We can see Chamfort, then, less as a thinker than as an anthologist of attitudes. This is, none the less, a potentially worthwhile role, and perhaps an original one. People of many different kinds, certainly, find things to identify with in his maxims and the anecdotes. Nietzsche, for a brief moment, saw in Chamfort the “free spirit” he wished to be himself:
…a man with ample knowledge of the profundities and secret motives of the soul, gloomy, suffering, ardent—a thinker who found laughter necessary as the remedy of life, and who almost gave himself up as lost every day that he had not laughed.
He wrote this in Joyful Wisdom, where he declares himself baffled that “such a judge of men and of the multitude” as Chamfort should, at the Revolution, have sided with the multitude—the only explanation he can find is the accident of his birth. In Genealogy of Morals, a year or two later, the “slave-religion” of Christianity is equated with resentment; and here Nietzsche drops Chamfort, or at all events does not name him.
I am inclined to think, though, that both Nietzsche and Arnaud somewhat overweight Chamfort’s bastardy. It is hard to see (though the unconscious can do strange things) how, having received so many privileges, Chamfort could have gone on imagining himself excluded. Moreover, it is easy to misread the social scene in Chamfort’s France. The contrast with England and Germany is very marked. In France there were, of course, a few real sticklers for pedigree; but in the main the French noblesse was far more accessible than the English peerage, as well as vastly more numerous. (In France, after all, one did not have to have a title to be noble, a mere particle would suffice.) The agonies of young Werther, crudely and brutally made to understand by a patrician assembly that he is a pariah, are hardly conceivable in honnête French circles. There were plenty of vices of which to accuse French high society, and Chamfort did it with great verve, but exclusiveness is hardly one of them.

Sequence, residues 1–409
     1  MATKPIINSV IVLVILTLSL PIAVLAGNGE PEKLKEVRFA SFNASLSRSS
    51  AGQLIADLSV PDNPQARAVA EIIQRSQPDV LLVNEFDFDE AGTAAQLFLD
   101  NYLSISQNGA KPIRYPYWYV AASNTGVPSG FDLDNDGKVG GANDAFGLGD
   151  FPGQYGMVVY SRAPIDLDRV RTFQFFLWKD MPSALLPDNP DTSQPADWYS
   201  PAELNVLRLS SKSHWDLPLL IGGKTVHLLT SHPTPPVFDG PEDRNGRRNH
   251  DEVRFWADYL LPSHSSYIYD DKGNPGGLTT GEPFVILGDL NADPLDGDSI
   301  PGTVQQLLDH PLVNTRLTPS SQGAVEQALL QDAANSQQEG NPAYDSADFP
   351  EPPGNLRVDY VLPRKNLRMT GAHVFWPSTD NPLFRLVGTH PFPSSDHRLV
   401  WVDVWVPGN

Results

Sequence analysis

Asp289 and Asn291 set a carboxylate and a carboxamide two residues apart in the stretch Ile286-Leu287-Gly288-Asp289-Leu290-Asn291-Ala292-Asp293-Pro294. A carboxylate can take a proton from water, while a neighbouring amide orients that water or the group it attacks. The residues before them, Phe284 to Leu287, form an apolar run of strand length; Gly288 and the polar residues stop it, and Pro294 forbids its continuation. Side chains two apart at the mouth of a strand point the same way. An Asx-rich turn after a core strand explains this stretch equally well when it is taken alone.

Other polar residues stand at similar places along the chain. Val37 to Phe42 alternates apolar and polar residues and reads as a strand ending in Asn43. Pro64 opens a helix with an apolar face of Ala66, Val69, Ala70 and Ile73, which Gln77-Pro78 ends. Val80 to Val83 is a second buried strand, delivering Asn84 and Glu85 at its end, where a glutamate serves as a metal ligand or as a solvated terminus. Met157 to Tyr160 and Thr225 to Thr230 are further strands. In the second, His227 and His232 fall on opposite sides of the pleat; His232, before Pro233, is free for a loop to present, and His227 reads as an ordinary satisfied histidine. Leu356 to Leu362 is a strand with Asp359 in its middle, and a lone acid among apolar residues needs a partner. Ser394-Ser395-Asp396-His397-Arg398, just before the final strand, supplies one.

The most famous of all Chamfort’s sayings is the one about love. “L’amour, tel qu’il existe dans la société, n’est que l’échange de deux fantaisies et le contact de deux épidermes“; and it is a text that might help us focus our thoughts about him. Is it, in the first place, misanthropic? I suggest not. It is an admirable and penetrating remark, which Proust would certainly have gone along with; but the truth it expresses is one we can contemplate perfectly calmly—or if we cannot, then we had better learn to. Then, is the phrase “dans la société” a gibe at French eighteenth-century society, or just—à la Rousseau—a comment on communal life in general? I would say the second, but I could be wrong. Thirdly, what makes the saying so good, so untranslatable? It is an unkindness to Arnaud’s translator, Deke Dusinberre, given this untranslatability, to single out his version, which runs “Love, such as it exists in high society, is merely an exchange of whims and the contact of skins”; but really it is not good at all.4